In conclusion, we have developed a novel assay for the assessment of the amount of P-selectin in a platelet and have applied it to a disease known to have a prothrombotic component (ie, AF). The significance of pP-selectin needs to be studied in greater detail, especially with prospective interventional studies.
This study was supported by the City Hospital Research and Development program for the Hemostasis, Thrombosis, and Vascular Biology Unit. Dr Kamath is supported by a nonpromotional research fellowship from Sanofi-Winthrop.
- Received September 26, 2001.
- Revision received January 8, 2002.
- Accepted January 10, 2002.
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- ↵Touyz RM, Milne FJ. A method for determining the total magnesium, calcium, sodium and potassium contents of human platelets. Miner Electrolyte Metab. 1991; 7: 173–178.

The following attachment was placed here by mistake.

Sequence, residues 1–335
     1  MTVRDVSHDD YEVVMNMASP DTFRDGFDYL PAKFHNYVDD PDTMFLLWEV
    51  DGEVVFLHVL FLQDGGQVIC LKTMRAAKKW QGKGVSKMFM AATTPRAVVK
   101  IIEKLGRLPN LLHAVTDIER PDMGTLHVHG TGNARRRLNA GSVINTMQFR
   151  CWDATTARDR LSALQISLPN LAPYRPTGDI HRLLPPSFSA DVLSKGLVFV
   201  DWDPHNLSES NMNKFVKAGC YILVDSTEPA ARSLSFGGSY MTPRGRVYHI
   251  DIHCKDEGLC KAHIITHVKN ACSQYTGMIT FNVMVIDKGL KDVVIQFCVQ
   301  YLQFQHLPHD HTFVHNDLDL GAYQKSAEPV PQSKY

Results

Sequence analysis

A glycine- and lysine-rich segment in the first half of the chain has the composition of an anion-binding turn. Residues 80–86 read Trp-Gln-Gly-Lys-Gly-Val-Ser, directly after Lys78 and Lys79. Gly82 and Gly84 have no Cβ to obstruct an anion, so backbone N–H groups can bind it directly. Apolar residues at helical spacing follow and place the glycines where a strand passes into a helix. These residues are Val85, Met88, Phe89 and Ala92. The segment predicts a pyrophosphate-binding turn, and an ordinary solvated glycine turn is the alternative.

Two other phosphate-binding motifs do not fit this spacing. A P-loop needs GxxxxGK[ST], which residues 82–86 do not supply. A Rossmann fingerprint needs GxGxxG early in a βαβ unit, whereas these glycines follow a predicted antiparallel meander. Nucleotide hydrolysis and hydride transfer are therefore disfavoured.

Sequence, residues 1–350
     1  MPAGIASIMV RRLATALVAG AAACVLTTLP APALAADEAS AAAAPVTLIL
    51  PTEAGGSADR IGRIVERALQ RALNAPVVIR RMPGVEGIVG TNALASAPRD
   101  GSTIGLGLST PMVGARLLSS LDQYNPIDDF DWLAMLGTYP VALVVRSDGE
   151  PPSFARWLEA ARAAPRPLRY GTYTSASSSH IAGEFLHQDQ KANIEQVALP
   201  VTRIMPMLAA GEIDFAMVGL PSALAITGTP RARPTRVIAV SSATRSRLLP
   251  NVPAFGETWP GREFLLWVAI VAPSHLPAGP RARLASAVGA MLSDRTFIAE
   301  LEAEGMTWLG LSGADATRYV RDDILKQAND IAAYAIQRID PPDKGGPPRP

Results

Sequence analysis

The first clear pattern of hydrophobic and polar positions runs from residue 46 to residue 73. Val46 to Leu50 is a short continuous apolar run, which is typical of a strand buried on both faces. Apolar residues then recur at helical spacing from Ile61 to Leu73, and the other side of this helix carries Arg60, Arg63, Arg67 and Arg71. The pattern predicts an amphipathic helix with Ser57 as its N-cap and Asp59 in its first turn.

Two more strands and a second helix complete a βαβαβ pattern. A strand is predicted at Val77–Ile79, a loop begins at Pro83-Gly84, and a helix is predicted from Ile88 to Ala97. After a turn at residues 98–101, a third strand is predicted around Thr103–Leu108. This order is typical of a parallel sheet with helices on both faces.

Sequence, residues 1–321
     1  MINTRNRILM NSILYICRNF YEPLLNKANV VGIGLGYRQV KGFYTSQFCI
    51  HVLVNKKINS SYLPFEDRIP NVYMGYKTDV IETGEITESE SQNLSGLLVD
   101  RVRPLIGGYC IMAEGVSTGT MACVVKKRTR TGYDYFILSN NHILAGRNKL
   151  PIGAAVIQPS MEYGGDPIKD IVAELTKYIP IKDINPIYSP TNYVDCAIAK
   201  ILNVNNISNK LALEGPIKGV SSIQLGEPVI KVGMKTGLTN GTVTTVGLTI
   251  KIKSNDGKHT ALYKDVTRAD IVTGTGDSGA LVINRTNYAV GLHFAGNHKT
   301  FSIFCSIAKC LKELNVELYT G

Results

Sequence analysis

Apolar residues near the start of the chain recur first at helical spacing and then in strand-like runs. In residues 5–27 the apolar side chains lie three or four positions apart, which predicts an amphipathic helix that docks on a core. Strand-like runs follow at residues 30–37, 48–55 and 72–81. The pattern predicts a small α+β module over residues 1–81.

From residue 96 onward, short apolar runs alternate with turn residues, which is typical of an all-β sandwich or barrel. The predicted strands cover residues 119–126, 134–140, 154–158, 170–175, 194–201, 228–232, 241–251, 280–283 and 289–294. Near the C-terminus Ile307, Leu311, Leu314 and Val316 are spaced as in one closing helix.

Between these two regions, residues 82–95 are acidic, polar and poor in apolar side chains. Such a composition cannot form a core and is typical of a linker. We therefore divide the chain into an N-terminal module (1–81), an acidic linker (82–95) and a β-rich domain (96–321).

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- ↵Blann AD, Lip GYH, Beevers DG, McCollum CN. Soluble P-selectin in atherosclerosis: a comparison with endothelial cell and platelet markers. Thromb Haemost. 1997; 78: 1077–1080.
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- ↵Li-Saw-Hee FL, Blann AD, Gurney D, Lip GYH. Plasma von Willebrand factor, fibrinogen and soluble P-selectin levels in paroxysmal, persistent and permanent atrial fibrillation: effects of cardioversion and return of left atrial function. Eur Heart J. 2001; 22: 1741–1747.
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- ↵Kamath S, Blann AD, Lip GYH. Platelets and atrial fibrillation. Eur Heart J. 2001; 22: 2233–2242.
- ↵Lip GYH, Lip PL, Zarifis J, Bareford D, Lowe GDO, Watson RDS, Beevers DG. Fibrin d-dimer and β-thromboglobulin as markers of thrombogenesis and platelet activation in atrial fibrillation: effects of introducing ultra–low-dose warfarin and aspirin. Circulation. 1996; 94: 425–431.